Secretary of State Colin L. Powell said yesterday that the insurgency in Iraq is getting worse and that the U.S. occupation there has increased anti-American sentiment in Muslim countries, but he said successful elections in Afghanistan and Iraq would turn the situation around.
"We have seen an increase in anti-Americanism in the Muslim world. We'll not deny this," Powell said on ABC's "This Week." "But I think that that will be overcome in due process because what the Muslim world will see . . . is that in Afghanistan, 10 million people who have registered to vote will vote on the ninth of October and bring in place a freely elected president.
"And I think we're going to do the same thing in Iraq if we stay the course, if we defeat this insurgency," Powell said.
He acknowledged that "yes, it's getting worse, and the reason it's getting worse is that they are determined to disrupt the elections."
But he rejected the notion, put forward recently by Defense Secretary Donald H. Rumsfeld, that it would be sufficient to hold elections in most, but not all, of Iraq.
"For the elections to have complete credibility and stand the test of international scrutiny, I think what we have to do is to give all the people of Iraq an opportunity to participate," Powell told "Fox News Sunday." "Just as we would have difficulty with partial elections here in the United States . . . I think it has to be throughout the country."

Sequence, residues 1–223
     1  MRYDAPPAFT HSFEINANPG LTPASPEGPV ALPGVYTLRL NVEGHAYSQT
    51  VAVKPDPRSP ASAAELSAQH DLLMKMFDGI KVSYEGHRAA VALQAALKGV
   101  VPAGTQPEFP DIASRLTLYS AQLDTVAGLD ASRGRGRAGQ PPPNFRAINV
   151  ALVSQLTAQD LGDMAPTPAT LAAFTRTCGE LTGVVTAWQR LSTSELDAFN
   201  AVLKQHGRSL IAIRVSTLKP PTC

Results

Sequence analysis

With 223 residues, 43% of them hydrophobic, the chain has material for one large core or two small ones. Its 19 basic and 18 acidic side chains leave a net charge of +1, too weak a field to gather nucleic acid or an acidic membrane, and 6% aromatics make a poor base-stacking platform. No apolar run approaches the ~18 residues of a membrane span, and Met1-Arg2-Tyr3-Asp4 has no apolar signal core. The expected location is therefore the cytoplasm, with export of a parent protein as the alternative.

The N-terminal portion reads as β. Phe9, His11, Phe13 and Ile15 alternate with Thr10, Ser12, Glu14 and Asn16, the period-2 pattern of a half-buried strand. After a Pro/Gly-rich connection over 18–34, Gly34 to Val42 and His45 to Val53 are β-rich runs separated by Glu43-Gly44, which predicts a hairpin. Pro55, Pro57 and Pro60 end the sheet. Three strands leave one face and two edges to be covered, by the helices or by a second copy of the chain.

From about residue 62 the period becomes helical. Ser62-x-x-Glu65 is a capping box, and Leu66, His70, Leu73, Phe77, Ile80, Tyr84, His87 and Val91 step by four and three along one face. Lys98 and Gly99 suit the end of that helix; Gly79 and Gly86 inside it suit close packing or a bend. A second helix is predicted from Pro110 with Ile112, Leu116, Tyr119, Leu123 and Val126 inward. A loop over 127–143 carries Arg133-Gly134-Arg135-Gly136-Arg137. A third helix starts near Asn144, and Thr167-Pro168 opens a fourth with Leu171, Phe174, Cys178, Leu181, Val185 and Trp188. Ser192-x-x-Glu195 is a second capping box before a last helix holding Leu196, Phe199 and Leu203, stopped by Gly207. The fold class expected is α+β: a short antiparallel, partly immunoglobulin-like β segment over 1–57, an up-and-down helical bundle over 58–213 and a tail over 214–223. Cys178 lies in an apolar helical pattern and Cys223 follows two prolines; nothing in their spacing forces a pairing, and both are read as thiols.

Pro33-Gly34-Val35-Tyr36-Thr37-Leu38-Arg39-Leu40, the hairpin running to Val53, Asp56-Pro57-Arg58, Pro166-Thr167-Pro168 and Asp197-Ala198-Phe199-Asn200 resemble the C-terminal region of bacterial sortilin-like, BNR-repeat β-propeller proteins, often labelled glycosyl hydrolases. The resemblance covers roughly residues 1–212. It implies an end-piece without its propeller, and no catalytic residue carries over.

In contrast, Gen. John P. Abizaid, U.S. commander for the Middle East, told NBC's "Meet the Press" that the goal is that "the election will be able to be held in the vast majority of the country."
The election, to be held by Jan. 31, will create a national assembly, which in turn will pick a new government to replace the one headed by interim Prime Minister Ayad Allawi. The assembly will also oversee the writing of a new constitution.
"I am not predicting victory by January at the end of the elections," Abizaid cautioned. "I am predicting that we'll have elections. We will fight our way through the elections. It will be tough. It will be hard. But it will move us a step closer to ultimate victory, which is when Iraqis control their own destiny."
Abizaid said he found the CIA's recent assessment of Iraq's future over 18 months to be "overly pessimistic." The classified National Intelligence Estimate, which Democrats on the Senate Intelligence Committee have asked the CIA to declassify, predicted a tenuous stability at best and, in the worst-case scenario, civil war.
Powell, on Fox News, said the CIA report "wasn't a terribly shocking assessment. It was something that I could have written myself."
The assessment contrasted with President Bush's and Allawi's more optimistic portrayal of Iraq's short-term future.
Abizaid criticized news reports that the insurgency was spreading among the general population. "The constant drumbeat in Washington of a war that is being lost, that can't be won, of a resistance that is out of control, simply do not square with the facts on the ground," he said.
Statistics compiled by Kroll Security International, a private security firm working for the U.S. government, indicate the attacks against U.S. troops, security forces and private contractors are greater than reported by the U.S. military and have spread to parts of the country that have been relatively peaceful, according to a report Sunday in The Washington Post.
Powell confirmed a second report in The Post that military plans are underway for a fall offensive aimed at regaining control of the most volatile cities in the Sunni Triangle, including Fallujah and the provincial capitals near Baghdad, such as Ramadi to the west, Samarra to the north and Baqubah to the northeast.
The plan calls for opening up these areas so that Iraqi forces can move back in and secure the towns in preparation for balloting.